In the second experiment, 4-week-old male SD rats were randomly divided into the experiment group and the control group, SD rats were fed with a HF diet. The experiment group received an intraperitoneal (i.p.) injection of NLRP3 inhibitor (glybenclamide), 5 mg/kg body weight for once every 3 days, while the control group received i.p. injection of the same dose of saline only. All the rats were euthanized after 12 weeks. Plasma and liver tissue were collected.
Cell culture and treatment
Primary HSCs were isolated from SD rats as described previously (11). HSCs were seed in a 6-well plate with Dulbecco’s modified Eagle’s medium (DMEM; HyClone, Logan, UT, USA) and 20% fetal bovine serum (FBS; Gibco, Carlsbad, CA, USA), supplemented with 1% (v/v) penicillin-streptomycin at 37 °C in 5% CO2 incubator for 48 h. Then, primary HSCs were exposed to palmitic acid (PA) (Sigma, St. Louis, MO, USA) at 200 µm with or without treatment with LPS (1 µg/mL) for 6 h after serum-starving. Cells and culture supernatant were harvested for further experiments.
HSCs vitality was detected by cell counting kit-8 (CCK-8) (CK04-05, DOJINDO, Japan). HSCs vitality was measured after treatment 0, 24, 48 and 72 h, respectively. The procedure was performed according to the manufacturer’s instructions. The optical density (OD) value was then measured at 450 nm wavelength using a microplate reader (Multiskan, Thermo, USA).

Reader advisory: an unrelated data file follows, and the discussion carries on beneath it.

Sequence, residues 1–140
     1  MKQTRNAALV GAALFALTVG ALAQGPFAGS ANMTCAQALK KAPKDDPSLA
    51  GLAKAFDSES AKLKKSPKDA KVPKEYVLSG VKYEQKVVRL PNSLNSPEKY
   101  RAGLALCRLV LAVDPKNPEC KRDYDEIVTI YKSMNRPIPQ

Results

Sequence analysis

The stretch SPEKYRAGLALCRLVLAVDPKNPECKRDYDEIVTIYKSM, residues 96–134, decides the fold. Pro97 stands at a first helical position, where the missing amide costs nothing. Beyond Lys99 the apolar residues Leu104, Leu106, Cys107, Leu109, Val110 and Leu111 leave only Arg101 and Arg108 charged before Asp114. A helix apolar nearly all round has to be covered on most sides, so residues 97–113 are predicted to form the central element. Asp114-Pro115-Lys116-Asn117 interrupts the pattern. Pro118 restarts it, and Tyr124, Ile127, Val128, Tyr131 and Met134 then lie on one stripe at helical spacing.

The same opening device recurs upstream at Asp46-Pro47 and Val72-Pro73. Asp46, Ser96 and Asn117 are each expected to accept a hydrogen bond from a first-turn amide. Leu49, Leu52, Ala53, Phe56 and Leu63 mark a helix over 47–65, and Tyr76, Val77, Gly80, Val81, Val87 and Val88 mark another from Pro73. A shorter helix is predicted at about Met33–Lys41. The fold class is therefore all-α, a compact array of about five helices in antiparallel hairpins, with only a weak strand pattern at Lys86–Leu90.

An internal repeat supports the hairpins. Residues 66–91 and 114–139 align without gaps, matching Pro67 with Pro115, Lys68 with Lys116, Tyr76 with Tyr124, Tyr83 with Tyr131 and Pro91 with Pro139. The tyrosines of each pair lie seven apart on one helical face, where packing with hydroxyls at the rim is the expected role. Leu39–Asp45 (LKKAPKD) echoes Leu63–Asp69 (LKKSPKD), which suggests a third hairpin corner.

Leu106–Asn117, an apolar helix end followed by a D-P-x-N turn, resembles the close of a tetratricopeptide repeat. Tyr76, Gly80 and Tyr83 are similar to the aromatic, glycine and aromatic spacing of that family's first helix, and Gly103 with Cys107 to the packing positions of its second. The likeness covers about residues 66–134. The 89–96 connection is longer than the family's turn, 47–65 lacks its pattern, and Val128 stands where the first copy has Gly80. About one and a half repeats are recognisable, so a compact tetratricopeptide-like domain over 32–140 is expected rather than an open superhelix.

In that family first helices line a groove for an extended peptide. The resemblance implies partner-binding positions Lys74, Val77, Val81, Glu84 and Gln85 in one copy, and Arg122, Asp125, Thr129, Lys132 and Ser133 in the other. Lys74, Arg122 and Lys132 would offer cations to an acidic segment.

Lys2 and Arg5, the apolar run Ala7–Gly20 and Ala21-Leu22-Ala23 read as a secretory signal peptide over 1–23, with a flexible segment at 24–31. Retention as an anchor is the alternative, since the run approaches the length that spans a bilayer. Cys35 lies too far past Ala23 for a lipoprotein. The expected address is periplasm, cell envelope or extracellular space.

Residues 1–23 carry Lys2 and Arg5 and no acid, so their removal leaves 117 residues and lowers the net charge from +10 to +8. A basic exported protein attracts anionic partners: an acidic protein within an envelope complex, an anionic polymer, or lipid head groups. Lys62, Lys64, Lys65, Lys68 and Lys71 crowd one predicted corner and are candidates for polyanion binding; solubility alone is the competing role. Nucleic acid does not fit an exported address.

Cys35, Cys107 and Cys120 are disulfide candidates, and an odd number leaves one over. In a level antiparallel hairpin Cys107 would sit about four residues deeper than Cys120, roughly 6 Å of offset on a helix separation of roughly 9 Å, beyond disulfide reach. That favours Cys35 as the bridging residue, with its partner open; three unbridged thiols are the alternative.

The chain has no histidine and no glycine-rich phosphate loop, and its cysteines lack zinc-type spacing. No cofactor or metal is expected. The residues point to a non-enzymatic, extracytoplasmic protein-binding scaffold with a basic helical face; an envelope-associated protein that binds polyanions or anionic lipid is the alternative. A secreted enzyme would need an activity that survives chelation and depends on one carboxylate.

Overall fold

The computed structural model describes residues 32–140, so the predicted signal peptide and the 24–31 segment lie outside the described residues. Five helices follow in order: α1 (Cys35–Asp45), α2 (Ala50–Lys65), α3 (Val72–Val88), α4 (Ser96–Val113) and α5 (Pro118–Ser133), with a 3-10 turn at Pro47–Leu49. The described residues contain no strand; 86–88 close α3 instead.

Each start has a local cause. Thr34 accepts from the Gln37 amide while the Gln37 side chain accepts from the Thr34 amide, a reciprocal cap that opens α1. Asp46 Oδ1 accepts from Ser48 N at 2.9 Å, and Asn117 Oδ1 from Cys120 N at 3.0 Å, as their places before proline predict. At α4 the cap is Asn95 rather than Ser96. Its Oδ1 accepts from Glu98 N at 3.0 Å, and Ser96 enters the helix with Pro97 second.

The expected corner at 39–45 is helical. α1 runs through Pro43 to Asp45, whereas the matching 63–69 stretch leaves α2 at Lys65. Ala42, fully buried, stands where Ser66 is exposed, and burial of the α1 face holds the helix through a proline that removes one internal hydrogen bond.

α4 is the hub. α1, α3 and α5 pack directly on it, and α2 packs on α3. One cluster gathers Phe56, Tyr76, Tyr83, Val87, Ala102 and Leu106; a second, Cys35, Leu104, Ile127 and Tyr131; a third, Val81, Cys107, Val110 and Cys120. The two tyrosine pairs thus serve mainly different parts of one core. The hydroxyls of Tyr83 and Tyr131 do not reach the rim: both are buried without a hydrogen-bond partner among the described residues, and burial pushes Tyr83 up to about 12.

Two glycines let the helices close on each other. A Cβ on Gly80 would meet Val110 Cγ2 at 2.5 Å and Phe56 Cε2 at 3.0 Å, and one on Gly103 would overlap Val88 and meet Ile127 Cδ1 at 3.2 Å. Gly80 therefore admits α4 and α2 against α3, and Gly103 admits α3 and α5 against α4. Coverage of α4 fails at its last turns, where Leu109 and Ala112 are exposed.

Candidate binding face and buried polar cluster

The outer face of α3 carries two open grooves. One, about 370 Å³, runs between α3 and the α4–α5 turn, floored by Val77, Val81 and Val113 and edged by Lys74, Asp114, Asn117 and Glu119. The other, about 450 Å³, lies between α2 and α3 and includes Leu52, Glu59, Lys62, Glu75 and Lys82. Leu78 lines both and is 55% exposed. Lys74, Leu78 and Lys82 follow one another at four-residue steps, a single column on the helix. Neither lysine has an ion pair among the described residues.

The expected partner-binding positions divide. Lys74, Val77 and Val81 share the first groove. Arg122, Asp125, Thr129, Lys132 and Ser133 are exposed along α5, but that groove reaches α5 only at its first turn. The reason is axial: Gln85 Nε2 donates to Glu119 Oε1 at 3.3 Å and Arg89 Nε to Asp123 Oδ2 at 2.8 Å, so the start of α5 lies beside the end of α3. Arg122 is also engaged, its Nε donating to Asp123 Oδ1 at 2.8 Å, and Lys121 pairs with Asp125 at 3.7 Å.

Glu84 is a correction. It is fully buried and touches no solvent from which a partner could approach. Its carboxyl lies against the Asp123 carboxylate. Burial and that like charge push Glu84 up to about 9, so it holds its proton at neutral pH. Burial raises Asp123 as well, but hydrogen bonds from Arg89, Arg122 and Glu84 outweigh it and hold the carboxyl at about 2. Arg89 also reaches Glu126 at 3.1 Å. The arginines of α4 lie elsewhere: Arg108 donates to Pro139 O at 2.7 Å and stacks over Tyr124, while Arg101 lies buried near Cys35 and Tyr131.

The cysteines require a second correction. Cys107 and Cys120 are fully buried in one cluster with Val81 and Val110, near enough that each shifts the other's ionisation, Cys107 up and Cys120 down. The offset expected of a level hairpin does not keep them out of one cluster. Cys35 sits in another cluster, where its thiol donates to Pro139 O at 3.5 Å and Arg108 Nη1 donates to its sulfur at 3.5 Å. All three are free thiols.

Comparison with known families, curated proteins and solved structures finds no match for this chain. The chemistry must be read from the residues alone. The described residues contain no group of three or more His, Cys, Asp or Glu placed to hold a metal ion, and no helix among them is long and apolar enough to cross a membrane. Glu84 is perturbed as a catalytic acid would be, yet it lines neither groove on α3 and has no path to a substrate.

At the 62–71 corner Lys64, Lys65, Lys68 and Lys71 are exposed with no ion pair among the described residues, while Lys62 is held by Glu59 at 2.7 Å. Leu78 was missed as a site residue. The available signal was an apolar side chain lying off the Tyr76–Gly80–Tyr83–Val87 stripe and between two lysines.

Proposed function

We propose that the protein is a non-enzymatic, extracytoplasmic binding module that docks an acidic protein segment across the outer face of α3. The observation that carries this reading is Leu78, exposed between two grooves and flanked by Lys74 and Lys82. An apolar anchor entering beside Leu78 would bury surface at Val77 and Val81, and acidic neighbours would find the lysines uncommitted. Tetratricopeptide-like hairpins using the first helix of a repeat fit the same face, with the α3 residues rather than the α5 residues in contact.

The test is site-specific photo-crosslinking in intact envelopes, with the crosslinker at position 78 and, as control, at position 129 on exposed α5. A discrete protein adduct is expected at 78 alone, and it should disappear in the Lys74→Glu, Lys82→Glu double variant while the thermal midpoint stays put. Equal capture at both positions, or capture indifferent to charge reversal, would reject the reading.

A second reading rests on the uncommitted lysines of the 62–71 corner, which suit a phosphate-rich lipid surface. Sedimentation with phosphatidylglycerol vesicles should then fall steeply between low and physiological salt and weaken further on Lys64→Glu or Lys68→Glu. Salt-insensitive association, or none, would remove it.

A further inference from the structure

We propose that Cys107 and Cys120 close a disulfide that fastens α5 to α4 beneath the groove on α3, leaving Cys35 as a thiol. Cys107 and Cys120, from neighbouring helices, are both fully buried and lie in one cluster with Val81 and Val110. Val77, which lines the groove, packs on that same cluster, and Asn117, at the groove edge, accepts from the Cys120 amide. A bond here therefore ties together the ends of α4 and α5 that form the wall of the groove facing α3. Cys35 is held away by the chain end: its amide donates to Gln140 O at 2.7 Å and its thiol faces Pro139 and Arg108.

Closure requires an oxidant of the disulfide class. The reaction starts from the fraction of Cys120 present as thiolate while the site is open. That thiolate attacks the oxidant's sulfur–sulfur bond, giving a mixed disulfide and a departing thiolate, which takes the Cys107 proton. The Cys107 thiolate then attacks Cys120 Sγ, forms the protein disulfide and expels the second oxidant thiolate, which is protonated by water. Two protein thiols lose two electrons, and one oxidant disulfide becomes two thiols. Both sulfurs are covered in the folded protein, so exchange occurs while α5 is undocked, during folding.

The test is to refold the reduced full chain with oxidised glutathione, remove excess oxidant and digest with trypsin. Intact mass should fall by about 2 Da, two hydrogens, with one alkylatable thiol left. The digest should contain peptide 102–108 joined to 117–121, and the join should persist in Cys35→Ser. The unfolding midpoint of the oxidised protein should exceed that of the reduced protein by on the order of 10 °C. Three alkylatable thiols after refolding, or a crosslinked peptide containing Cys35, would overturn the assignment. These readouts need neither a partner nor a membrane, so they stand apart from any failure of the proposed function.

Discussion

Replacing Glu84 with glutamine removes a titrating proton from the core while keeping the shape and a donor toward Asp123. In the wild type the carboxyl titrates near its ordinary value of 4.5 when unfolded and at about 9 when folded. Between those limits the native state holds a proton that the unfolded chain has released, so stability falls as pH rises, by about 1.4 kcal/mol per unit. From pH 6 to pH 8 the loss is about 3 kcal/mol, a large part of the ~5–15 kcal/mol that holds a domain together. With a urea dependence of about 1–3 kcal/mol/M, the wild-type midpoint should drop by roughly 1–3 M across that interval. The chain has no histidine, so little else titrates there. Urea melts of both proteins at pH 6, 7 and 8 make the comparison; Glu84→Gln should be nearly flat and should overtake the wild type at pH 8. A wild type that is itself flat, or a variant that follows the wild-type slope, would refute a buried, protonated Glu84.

To assess HSCs migration, 24-well Matrigel transwell chamber was used. The cells were placed into the chamber at a density of 2×104 cell per well, 500 µL DMEM medium was added to the outer chamber and incubated in 37 °C for 24 h, then removed and cells were fixed with 5% glutaradehyde at 4 °C. After washing with PBS buffer, cells were stained with 0.1% crystal violet (Solite, Beijing, China) and were counted.
Caspase 1 activity assay
Caspase 1 activity in HSCs was determined with a colorimetric assay (R&D System, USA).
RNA isolation and RT-PCR assay
Total RNA was extracted from HSCs after treatment using TRIzol reagent (Invitorgen, Carlsbad, California, USA) according to the manufacturer’s protocols. cDNA was synthesized from 1 μg of total RNA using SuperScriptIII reverse transcriptase and random primers (Invitrogen, Carlsbad, CA, USA). qRT-PCR was performed according to instructions with the Power SYBR Green PCR Master Mix (Applied Biosystems, Foster City, CA, USA). The relative gene expression was normalized to β-actin. All primers sequences in the study were shown in Table 1.